Decreased chain conformational entropy.
Increased chain conformational entropy.
Decreased entropy of the solvent due to folding.
Increased entropy of the solvent due to folding.
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So now that we've covered the basics of protein folding, we could talk about Leventhal's paradox. And so this guy, Cyrus Leventhal, actually disproved the popular belief that protein folding was a random trial and error process where the protein would have to test all of its possible confirmations before it could actually achieve its final native confirmation. And so all 11 thought did was he made a pretty simple realization. He realized that testing all the possible confirmations would simply take way too long. And he knew that protein folding was super fast and was a non random process, not a random process. And what that means is that protein folding must have predictable folding pathways. And so today scientists are able to actually predict the folding pathways for some small proteins in this field is actually growing as we speak today. And so, like we said earlier, protein folding is super fast, and really, it has to do with the cooperative stepwise interactions between amino acids that makes the protein folding so fast. So they speed up the protein folding and thes cooperative stepwise interactions, pretty much act like protein folding shortcuts and so, in our example below What we have is an image for a Leventhal's paradox. And so what you'll see is on the far left. Over here. What we have is our unfolded protein, which has, Ah, 100 amino acids in it, a. A represents amino acids. And then on the far right. What we have is our native protein structure. And so, again, before $11 paradox, the popular belief was that the protein, the unfolded protein, would have to randomly test all of its possible confirmations and a random trial and error process until it achieved its native structure. And so you can see all of these different folding pathways and possibilities testing all the random confirmations. Now again, Leventhal just made a pretty simple realization. So he calculated that for a protein with 100 amino acids, um, the time that it would take for it to explore all of its possible confirmations was 10 to the 27th years, which is a massive massive number in a huge, huge amount of time. And so, um, it's predicted that the age of the entire universe is just 10 to the ninth years, so the time that it would take for ah, protein with 100 amino acids to explore. All of its possible confirmations is way longer than the length or the age of the entire universe. So there's no way that it could take that long for it to test for it to achieve its native confirmation. And today we know that it takes the actual time for a protein to fold into. Its native confirmation is actually less than one second, so that's a drastic, a massive difference in time. And so, of course. What that means is that there has to be a predictable folding pathway that can be achieved to reach the native structure. And again, this pathway is dictated by cooperative stepwise interactions between amino acids. And so this concludes our lesson on $11 paradox, and we'll be able to get more practice with these concepts in our practice video. So I'll see you guys there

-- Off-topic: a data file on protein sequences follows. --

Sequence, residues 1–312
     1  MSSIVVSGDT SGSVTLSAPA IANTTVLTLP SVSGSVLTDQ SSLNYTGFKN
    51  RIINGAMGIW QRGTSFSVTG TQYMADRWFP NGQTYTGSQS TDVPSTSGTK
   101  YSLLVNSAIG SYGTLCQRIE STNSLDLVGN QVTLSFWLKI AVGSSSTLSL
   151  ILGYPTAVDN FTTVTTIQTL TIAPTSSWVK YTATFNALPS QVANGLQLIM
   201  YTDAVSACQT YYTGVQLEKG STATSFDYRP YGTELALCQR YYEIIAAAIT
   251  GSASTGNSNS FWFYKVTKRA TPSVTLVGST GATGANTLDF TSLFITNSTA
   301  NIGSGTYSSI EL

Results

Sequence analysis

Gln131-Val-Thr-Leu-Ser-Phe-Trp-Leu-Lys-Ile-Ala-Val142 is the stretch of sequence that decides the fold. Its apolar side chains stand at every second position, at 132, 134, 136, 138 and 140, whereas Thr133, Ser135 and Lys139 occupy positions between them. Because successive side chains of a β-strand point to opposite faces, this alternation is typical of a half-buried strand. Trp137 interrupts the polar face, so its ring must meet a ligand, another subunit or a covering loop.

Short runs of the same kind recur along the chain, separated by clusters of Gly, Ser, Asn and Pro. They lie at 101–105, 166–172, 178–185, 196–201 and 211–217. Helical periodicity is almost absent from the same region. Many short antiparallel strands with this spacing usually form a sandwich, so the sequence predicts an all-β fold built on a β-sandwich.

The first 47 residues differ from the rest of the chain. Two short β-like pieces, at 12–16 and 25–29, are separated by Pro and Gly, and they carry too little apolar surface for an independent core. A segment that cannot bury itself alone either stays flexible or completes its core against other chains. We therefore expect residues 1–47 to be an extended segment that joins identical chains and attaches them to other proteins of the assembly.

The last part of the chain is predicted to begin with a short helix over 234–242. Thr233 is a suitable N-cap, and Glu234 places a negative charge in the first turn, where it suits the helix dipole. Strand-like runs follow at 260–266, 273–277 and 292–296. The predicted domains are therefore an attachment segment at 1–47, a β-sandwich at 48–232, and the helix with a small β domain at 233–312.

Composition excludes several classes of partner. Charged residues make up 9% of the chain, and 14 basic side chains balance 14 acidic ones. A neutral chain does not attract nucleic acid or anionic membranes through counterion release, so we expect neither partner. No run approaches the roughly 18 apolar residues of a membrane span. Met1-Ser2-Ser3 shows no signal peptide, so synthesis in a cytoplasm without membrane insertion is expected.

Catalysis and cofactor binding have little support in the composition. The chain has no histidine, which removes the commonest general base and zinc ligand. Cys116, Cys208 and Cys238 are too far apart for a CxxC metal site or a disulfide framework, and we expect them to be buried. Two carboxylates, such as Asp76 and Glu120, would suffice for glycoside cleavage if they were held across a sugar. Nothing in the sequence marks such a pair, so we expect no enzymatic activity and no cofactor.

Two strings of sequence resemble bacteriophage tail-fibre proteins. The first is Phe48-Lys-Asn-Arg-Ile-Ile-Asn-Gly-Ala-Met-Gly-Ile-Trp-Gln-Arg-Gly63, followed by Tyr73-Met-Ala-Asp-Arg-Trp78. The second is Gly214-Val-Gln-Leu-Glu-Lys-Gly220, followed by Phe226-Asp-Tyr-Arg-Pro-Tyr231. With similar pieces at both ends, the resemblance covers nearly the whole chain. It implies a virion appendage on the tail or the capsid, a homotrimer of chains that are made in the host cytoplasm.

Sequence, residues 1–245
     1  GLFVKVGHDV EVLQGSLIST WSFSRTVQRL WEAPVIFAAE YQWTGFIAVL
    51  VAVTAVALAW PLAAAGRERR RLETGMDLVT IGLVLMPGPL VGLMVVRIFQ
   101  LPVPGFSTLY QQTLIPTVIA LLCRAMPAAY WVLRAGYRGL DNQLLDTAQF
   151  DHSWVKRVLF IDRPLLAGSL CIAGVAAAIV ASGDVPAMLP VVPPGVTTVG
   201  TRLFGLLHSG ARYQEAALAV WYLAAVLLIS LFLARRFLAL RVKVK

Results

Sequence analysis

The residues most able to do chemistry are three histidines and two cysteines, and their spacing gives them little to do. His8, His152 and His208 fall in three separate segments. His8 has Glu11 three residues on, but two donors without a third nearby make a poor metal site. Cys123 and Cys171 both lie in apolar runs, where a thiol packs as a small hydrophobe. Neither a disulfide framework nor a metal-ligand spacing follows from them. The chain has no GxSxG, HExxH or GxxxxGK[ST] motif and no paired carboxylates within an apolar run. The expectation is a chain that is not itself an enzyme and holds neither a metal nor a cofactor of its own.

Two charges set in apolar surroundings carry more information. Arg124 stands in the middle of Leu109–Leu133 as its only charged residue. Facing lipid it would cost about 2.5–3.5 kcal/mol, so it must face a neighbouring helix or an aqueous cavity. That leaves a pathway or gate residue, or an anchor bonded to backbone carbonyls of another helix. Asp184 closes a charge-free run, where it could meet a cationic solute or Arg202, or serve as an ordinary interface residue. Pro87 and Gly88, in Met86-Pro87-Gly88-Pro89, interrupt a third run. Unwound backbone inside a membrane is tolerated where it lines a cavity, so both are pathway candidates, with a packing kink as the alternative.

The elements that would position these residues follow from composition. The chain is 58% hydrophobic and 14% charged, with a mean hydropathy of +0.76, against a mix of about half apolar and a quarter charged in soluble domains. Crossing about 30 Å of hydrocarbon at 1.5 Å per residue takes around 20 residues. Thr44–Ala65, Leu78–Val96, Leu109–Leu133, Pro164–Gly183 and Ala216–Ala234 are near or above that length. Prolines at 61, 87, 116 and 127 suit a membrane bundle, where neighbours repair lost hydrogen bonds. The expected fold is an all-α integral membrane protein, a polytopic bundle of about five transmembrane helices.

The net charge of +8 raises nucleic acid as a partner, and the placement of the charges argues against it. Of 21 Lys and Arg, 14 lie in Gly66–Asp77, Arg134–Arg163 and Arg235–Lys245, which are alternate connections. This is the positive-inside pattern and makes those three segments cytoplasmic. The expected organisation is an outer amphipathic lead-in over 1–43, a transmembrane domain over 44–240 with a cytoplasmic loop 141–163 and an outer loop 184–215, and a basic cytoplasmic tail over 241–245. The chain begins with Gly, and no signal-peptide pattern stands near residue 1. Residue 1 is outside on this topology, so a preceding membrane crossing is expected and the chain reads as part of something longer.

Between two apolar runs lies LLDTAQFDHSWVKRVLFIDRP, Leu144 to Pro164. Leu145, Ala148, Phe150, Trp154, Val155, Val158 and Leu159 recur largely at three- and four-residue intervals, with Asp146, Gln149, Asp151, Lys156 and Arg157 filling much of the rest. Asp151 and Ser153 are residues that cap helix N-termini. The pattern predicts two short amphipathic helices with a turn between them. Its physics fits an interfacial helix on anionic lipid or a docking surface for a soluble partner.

Draw each amino acid & determine which is most likely found in the blue regions of the folded protein below?
Which of the following occurs when myoglobin folds into its native conformation?
Myoglobin adopts its lowest energy state form.
Most of the nonpolar, hydrophobic amino acid residues are found buried in myoglobin’s core.
Most polar, charged, hydrophilic residues are found on the outside of myoglobin.
b and c.
All the above.
In general, which option contains the major cooperative interactions driving spontaneous protein folding?
Hydrophobic interactions in the protein core & formation of hydrogen bonds in secondary structures.
Formation of salt bridges & disulfide bonds between R-groups that stabilize key interactions.
Reduced chain conformational entropy.
Restricting surrounding solvent molecules to have less rotational/conformational possibilities.